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Chile Poblano Cream Soup

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Chile Poblano Cream Soup

My friend Rosy from Mexico sent me this recipe.  It is a great starter soup for Cinco de Mayo or any other Mexican meal.

One of the dominant flavors of this soup is coriander.  Coriander seeds are part of the cilantro plant, a plant of many names which is also known as Chinese parsley and coriander. 

One of my favorite ingredients is cilantro leaves but I have not cooked much with the seeds.  I discovered with this soup that the seeds have a completely different taste than the leaves.  They impart a strong flavor with nutty citrus undertones to the soup so you can adjust the quantity according to your taste.  I left the seeds whole but if you prefer having a smooth soup, you can use a smaller amount of ground coriander.

Poblano peppers are a relatively mild chile pepper that originated in the Mexican state of Puebla.  Appropriately, poblano is the term used for a person from Puebla.  When dried, the poblano pepper is referred to as an ancho pepper.  If you can’t find poblano peppers you can substitute another mild chile such as Anaheim, Pasilla or a mix of chiles.  Use canned chiles or roast your own.

Ingredients

3 ounces butter (I only used 1-2 Tbsp)

1 onion, sliced

1 can of poblano peppers, roughly 2-3 chiles

2 cups chicken stock

1 Tbsp coriander seeds

1 cup cream

Garlic powder, to taste

Salt, to taste

8 ounces Monterey Jack cheese, grated or cut in cubes

3 corn tortillas, cut in squares and fried

Melt the butter in a pan over medium-high heat.  Pan-fry the onion slices until they are lightly browned.  Add the chiles and cook them with the onion for a couple of minutes.  Let the browned vegetables cool and then blend them with the chicken stock and coriander seeds.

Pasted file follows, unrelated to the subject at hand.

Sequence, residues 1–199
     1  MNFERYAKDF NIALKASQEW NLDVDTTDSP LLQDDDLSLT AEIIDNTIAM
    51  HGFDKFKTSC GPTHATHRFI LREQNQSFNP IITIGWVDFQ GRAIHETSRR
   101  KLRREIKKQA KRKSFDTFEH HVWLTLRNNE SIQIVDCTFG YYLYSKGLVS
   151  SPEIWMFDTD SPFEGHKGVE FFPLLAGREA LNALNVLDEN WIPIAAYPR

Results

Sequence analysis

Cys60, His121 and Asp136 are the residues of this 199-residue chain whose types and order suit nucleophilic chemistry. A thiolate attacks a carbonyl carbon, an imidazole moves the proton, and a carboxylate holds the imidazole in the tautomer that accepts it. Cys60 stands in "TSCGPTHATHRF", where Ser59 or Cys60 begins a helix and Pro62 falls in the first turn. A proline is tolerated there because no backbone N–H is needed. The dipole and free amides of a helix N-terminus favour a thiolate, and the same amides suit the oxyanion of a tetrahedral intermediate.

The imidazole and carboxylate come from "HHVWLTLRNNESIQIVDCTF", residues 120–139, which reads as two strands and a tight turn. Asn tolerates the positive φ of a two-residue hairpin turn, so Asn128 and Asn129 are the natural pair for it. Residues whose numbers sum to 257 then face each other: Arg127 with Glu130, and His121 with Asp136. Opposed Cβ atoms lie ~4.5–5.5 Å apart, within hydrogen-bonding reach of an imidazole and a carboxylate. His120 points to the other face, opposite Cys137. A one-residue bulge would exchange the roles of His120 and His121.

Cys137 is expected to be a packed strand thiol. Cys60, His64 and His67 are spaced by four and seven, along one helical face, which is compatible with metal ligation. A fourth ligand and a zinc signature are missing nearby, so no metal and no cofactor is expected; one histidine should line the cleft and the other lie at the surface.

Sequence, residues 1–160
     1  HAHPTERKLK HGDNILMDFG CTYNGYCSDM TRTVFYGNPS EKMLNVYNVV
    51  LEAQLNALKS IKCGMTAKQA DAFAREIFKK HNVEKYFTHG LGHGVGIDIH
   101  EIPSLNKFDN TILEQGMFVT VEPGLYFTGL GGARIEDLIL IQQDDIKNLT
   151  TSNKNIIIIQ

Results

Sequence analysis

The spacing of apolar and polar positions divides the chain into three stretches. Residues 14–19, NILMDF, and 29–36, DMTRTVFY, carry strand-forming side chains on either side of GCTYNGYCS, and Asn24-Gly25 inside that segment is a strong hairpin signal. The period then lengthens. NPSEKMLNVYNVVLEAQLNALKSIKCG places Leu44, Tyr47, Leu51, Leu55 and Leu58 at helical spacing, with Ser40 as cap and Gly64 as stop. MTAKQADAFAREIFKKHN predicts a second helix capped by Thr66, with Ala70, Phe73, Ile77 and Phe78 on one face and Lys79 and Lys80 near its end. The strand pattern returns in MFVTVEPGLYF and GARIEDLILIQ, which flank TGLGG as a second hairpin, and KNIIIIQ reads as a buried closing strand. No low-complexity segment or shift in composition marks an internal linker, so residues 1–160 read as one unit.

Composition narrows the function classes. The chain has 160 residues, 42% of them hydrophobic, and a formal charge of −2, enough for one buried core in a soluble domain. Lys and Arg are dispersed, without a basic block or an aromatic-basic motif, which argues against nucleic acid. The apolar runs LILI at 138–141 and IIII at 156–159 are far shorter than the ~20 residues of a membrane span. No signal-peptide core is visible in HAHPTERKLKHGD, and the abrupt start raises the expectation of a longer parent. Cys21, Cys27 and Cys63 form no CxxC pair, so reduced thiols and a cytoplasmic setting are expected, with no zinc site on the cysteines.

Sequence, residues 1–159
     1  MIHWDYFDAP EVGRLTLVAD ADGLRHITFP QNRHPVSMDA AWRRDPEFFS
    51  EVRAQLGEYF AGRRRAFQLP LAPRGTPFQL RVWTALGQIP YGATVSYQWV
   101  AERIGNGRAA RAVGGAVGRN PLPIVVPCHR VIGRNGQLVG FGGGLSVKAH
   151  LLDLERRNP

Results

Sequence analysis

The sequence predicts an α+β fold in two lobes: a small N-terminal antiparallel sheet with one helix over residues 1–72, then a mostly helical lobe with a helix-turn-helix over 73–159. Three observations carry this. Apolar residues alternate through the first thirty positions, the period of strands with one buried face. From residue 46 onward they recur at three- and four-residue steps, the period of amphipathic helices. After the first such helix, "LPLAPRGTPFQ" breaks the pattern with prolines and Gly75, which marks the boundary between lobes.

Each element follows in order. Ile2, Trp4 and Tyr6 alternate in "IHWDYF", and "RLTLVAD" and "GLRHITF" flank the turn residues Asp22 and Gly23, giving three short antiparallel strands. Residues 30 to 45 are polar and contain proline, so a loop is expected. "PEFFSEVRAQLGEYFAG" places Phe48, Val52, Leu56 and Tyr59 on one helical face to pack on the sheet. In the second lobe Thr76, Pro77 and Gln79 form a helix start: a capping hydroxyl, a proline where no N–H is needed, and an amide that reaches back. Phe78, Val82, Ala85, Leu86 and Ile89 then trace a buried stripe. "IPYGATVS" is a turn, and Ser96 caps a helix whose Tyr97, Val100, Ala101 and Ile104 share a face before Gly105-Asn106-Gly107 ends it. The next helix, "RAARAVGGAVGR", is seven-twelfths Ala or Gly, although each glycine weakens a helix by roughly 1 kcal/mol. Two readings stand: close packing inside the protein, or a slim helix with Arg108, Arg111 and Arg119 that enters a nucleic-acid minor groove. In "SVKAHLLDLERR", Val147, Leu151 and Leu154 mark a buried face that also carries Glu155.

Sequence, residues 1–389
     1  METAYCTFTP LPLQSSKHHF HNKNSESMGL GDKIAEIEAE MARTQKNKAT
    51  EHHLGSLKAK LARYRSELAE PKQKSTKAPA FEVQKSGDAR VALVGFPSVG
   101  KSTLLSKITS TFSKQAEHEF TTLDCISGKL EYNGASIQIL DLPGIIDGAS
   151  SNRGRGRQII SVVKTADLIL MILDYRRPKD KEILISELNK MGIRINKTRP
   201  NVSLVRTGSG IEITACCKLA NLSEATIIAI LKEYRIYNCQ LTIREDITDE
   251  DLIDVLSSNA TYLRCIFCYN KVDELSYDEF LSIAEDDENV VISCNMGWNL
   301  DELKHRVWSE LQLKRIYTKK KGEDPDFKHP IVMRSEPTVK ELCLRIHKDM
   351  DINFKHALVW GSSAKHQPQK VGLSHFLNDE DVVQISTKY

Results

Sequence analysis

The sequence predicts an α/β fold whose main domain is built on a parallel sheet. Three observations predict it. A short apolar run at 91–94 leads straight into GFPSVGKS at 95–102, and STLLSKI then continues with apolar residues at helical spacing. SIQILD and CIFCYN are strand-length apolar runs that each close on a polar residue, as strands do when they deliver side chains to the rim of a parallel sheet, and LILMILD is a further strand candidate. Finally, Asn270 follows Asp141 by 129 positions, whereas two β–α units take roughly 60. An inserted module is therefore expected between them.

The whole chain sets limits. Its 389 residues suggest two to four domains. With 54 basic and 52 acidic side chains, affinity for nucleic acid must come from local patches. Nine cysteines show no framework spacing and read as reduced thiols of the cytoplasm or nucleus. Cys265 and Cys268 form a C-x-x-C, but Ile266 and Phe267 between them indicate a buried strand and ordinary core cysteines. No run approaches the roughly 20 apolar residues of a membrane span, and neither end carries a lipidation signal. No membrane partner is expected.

Heat the blended soup over medium heat and season it with garlic powder and salt, to taste.  Add the cream and heat until the soup is very hot.

Sprinkle with cheese and small totopos (or crumbled tortilla chips).

To make homemade totopos (tortilla chips), heat several tablespoons of oil on high heat and add strips or squares of corn tortillas.  Fry them until they are light golden and crispy.  Remove them from the hot oil and let them cool on a plate lined with paper towels to absorb the excess oil.  Sprinkle with salt to taste.

To roast your own chiles, place them on a baking sheet and broil them on high for 5-7 minutes on each side, until the skin is charred.  Place them in a paper bag and roll down the top of the bag to seal.  Let them rest for 5-10 minutes until the charred skins are easier to peel off, leaving  the soft and tender chile flesh.

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